Children, Cinema and Censorship: From Dracula to Dead End
I.B.Tauris, Oct 7, 2005 - Performing Arts - 237 pages
Using original research, this book explores the recurring debates in Britain and America about children and how they use and respond to the media, focusing on a key example: the controversy surrounding children and cinema in the 1930s. It explores the attempts to control children's viewing, the theories that supported these approaches and the extent to which they were successful. The author develops her challenging proposition that children are agents in their cinema viewing, not victims; showing how these angels with dirty faces colonized the cinema. She reveals their distinct cinema culture and the ways in which they subverted or circumvented official censorship including the Hays Code and the British Board of Film Censors, to regulate their own viewing of a variety of films, including Frankenstein, King Kong and The Cat and the Canary.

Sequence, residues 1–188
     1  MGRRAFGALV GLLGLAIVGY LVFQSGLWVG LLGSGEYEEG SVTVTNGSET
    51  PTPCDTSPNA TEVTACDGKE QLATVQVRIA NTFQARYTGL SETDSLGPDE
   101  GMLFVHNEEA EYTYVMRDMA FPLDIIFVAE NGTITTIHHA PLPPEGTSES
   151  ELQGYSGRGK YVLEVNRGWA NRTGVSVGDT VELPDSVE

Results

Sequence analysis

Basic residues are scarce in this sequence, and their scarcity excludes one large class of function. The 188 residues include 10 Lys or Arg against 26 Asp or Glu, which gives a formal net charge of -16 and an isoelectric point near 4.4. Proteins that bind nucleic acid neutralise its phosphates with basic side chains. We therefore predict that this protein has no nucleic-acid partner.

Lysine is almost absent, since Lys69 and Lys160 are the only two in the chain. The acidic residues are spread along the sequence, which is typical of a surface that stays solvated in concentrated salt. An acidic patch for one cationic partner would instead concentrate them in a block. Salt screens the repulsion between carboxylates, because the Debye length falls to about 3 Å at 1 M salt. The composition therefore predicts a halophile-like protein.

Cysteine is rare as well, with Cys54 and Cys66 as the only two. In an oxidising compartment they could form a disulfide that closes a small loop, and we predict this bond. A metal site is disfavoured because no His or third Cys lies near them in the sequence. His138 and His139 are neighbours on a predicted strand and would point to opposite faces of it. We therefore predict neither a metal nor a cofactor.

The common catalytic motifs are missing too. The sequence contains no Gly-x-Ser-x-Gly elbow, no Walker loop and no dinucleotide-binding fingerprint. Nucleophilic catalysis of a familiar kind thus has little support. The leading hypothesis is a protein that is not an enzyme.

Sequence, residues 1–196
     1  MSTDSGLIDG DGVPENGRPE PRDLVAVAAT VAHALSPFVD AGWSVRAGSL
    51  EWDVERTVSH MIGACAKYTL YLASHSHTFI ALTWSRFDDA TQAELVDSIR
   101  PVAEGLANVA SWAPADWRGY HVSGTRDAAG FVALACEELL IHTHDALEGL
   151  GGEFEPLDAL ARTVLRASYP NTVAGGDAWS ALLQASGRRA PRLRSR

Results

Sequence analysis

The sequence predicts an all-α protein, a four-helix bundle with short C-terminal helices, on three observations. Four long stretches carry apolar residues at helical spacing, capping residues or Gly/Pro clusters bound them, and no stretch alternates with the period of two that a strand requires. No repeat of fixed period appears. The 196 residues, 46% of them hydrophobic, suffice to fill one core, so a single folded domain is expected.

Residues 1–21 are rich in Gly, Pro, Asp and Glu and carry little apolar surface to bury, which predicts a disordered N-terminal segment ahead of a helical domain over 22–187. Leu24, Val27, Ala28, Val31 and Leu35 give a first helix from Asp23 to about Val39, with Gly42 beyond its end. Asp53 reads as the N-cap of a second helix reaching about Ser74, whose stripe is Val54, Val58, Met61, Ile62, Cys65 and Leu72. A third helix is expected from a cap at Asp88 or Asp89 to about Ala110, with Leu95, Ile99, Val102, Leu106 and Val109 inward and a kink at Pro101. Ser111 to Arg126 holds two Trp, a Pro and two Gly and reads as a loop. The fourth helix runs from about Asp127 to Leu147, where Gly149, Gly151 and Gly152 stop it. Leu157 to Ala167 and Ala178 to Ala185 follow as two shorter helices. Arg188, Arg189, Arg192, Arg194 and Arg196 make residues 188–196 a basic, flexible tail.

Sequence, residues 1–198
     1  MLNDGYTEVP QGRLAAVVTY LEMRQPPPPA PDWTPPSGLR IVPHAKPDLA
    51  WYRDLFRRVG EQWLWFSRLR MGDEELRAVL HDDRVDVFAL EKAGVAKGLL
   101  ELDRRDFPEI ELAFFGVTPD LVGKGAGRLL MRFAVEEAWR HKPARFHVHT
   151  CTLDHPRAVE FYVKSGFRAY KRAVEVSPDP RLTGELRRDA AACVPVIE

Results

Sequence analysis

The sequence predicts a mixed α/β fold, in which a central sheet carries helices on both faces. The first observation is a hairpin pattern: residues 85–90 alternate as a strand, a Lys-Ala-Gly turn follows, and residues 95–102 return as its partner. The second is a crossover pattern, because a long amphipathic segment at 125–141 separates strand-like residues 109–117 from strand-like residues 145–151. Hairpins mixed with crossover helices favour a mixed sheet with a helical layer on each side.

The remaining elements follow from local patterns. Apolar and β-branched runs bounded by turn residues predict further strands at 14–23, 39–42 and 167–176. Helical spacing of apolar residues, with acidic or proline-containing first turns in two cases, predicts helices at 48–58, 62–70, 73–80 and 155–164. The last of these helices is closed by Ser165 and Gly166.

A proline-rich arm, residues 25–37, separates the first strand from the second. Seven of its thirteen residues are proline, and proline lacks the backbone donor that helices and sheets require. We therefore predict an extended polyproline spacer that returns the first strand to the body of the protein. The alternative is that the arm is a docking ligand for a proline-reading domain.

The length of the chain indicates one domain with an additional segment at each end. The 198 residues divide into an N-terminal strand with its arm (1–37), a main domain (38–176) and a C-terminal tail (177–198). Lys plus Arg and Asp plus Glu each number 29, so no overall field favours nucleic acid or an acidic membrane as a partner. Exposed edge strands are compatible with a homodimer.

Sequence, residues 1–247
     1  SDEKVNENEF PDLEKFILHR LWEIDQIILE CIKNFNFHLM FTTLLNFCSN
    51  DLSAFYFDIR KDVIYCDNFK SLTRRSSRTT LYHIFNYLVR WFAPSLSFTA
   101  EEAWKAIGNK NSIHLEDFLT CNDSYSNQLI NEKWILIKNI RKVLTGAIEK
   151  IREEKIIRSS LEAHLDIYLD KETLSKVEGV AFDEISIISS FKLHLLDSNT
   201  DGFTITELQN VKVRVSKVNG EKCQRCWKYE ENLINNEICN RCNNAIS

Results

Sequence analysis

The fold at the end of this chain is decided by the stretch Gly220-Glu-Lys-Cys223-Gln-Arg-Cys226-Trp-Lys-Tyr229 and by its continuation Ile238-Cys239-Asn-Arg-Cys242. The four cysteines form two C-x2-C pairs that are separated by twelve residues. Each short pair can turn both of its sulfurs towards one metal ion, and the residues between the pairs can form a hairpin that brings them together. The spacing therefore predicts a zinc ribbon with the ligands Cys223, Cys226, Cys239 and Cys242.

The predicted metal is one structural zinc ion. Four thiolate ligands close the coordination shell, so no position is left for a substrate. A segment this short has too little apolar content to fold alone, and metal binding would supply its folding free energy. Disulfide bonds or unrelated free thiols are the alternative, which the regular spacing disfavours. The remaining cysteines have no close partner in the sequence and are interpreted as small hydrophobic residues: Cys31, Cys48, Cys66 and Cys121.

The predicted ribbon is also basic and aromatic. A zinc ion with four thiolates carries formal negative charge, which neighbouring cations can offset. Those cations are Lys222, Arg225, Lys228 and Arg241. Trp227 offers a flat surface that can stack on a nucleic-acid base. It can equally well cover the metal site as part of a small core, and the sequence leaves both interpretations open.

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Children, Cinema, and Censorship: From Dracula to the Dead End Kids
Sarah J. Smith
Limited preview - 2005
adult America apparently argued audiences banned BBFC BBFC Annual Report BBFC certification BCEC behaviour Birkenhead Birmingham Boris Karloff boys Britain British Cinemas British Film British Film Institute CCINTB Chapter child childhood children and cinema children and film children's cinema-going children's matinees children's viewing cinema attendance cinema clubs Cinema Enquiry Committee cinema managers cinema regulation Cinematograph concerns regarding considered crime cycle David Buckingham Edinburgh Cinema Enquiry educational Ellen Casey evidence example exhibition exhibitors FCCC February Film Censors Film Censorship film content film-makers Films for children Frankenstein gangster films girls Glasgow Hays Code Hays Office Hollywood Hollywood Censored Home Office Horrific horror films Ibid influence interview issues Jeffrey Richards London CCINTB Mae West Mayer's respondents Meanwhile moral panic mother November organisations parental authority particularly popular pre-code questionnaire responses scenes suggests T.P. O'Connor talkies television Theatre unaccompanied children young youth